Monday, August 08, 2016
“To quote French author Francois Mauriac, ‘Tell me what you read and I’ll tell you who you are’ is true enough, but I’d know you better if you told me what you reread.”
~ Sarah Wendell, American author and reviewer
Do you ever re-read a book? Sometimes when I admit this out loud, I get the same reaction as if I'd said, "I haven't washed my underpants in three weeks." Yep. That combination slack-jawed frowny face type of look. But come on, folks, I can't be the only freak out there.
Turns out I'm not. In fact, there's an entire page on Goodreads devoted to books recommend to re-read. What's up with that? With all the bajillions of books out on the market, why pull an oldie off the shelf?
One study based on interviews in the U.S. and New Zealand reveals that a 'second run' (techno term for rereading a book) can offer "profound emotional benefits." But that warm and fuzzy feeling isn't the only reason why people pick up a title for the second or third time. . .
TOP 5 REASONS TO RE-READ A BOOK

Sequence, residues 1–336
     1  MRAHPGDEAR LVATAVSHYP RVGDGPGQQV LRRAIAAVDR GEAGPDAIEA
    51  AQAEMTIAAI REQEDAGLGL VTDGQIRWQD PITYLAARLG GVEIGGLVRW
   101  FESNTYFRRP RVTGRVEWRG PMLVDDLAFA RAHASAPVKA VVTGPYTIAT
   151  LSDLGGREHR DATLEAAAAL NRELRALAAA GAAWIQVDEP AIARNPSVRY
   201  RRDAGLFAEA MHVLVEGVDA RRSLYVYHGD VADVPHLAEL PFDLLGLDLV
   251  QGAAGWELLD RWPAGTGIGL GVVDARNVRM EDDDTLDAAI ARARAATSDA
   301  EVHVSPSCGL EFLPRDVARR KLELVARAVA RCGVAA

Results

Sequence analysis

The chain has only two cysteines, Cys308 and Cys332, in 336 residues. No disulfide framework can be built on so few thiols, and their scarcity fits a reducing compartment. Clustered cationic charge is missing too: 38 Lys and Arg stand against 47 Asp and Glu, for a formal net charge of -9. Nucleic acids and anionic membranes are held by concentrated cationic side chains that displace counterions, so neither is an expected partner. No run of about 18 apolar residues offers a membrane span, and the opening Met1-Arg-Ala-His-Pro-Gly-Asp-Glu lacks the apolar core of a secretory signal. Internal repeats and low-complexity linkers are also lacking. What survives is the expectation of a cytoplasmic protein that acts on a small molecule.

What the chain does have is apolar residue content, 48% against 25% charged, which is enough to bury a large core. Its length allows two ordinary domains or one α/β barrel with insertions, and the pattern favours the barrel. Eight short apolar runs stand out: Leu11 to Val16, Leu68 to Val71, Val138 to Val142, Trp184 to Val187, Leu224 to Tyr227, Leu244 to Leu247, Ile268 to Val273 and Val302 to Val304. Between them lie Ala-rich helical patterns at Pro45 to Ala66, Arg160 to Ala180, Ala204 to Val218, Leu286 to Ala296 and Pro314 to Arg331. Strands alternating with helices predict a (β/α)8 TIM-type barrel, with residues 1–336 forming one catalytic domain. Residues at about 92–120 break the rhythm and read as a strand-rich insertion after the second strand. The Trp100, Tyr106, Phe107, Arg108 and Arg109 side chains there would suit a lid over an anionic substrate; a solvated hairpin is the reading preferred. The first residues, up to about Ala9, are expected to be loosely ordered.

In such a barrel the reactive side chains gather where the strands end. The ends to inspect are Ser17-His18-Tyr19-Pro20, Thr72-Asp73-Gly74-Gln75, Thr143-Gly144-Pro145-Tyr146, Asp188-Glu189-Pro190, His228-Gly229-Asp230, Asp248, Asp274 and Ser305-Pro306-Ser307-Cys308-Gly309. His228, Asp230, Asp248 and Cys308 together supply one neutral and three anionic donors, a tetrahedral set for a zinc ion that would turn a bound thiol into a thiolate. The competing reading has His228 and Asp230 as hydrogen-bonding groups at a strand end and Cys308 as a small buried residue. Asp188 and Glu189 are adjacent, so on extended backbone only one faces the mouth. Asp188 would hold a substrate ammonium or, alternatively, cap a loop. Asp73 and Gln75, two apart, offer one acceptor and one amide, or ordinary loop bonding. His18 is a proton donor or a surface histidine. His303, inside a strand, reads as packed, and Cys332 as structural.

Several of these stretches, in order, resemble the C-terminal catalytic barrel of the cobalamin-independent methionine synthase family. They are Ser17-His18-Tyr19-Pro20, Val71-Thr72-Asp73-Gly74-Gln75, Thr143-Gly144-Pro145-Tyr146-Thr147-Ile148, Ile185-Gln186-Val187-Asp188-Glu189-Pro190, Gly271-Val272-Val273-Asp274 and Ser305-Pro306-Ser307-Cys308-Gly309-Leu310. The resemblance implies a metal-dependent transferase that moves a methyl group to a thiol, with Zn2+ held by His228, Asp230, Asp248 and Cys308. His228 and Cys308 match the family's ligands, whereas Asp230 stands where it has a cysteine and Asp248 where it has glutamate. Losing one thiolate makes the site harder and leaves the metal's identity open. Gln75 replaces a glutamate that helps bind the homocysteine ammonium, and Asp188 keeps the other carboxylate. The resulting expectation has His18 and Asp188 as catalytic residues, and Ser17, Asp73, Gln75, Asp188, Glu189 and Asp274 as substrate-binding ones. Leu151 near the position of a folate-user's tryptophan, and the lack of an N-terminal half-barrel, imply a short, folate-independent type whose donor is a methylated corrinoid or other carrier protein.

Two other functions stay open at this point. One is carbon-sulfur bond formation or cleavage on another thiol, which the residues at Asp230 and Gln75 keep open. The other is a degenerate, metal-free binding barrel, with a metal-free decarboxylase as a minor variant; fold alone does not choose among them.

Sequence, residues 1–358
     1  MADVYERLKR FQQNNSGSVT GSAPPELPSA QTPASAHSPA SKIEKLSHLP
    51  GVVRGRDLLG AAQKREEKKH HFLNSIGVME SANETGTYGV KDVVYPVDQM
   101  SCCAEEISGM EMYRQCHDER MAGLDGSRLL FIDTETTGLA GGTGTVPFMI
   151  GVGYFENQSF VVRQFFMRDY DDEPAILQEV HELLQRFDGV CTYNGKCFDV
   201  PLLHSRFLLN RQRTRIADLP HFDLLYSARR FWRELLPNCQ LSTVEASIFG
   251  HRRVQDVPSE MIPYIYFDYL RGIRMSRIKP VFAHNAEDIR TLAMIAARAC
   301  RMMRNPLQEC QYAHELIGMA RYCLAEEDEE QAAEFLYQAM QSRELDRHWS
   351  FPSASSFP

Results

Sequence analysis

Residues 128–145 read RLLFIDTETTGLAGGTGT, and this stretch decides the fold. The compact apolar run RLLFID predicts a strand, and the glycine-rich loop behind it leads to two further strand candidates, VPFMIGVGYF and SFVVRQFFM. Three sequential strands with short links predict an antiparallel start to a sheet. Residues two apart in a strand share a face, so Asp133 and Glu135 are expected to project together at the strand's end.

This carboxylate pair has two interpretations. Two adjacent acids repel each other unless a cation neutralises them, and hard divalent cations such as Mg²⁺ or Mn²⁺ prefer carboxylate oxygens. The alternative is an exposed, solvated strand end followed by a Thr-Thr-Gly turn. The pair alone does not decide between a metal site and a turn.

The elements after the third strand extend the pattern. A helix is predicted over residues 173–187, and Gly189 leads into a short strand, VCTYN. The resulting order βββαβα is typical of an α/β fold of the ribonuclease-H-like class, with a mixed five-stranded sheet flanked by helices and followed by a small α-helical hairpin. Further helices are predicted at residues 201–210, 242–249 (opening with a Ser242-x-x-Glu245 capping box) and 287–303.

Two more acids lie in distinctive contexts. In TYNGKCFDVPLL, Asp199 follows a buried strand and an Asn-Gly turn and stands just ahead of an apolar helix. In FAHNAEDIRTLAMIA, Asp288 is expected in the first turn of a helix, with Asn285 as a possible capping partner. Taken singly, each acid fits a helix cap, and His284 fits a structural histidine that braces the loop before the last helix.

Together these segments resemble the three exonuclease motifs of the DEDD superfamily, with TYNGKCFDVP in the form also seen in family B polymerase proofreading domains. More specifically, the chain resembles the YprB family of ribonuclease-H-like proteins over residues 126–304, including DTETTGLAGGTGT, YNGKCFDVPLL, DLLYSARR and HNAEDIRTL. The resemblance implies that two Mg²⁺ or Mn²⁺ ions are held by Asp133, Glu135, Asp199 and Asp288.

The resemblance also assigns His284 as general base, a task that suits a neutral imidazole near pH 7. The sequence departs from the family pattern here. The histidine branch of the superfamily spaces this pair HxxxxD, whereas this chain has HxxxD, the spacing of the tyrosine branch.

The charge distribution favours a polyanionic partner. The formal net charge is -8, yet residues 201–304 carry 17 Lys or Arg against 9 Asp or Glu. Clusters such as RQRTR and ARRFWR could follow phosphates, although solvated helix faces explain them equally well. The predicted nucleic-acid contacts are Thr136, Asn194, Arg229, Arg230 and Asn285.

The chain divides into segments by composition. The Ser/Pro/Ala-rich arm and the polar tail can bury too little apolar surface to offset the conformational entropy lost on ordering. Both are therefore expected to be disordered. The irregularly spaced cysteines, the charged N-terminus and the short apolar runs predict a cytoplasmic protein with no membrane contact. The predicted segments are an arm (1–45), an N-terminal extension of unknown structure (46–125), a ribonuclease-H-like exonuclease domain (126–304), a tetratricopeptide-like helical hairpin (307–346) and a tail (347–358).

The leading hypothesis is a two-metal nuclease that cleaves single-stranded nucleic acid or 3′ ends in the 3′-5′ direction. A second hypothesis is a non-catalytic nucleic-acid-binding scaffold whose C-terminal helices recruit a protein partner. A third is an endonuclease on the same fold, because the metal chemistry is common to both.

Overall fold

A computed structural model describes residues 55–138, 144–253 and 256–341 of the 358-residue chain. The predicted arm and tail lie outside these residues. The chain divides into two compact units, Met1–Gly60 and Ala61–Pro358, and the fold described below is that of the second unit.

1. To Run Away
Everyone needs to press the eject button now and then and escape from a nose-diving schedule. When you open a favorite book, it's like running away to Happy Land because you know exactly what will happen with characters you feel safe with. . . which can be the polar opposite of reality.
2. The Movie Version is About to Hit Theaters
You remember loving the story, but you want to make sure you don't sound like an idiot when you tell your buddies how Hollywood got it all wrong. Think of this as the research approach to re-reading.
3. It's Tradition
My girls, though they're now in their twenties, still read The Christmas Puppy every Christmas Eve. It's for preschoolers. Sheesh. But they can't have a proper Christmas unless they read it together.
4. Go Deeper
Maybe you missed a theme the first time around. Even if you didn't, there are always nuances and things you didn't notice before because guess what . . . you're older. You're not the same reader you were the first go around. You're bound to get something different out of a re-read.
5. You Don't Like a Particular Author's New Style
Writers change over time, but that doesn't mean you'll like the changes. Some fans are die-hard, old school, gotta-have-the-same-old-same-old. And that's okay.
One of my favorite titles to re-read is Jane Eyre by Charlotte Bronte. What's one of yours?
Like what you read? There’s more. WRITER OFF THE LEASH: GROWING IN THE WRITING CRAFT is a kick in the pants for anyone who wants to write but is stymied by fear, doubt, or simply doesn’t know how to take their writing to the next level.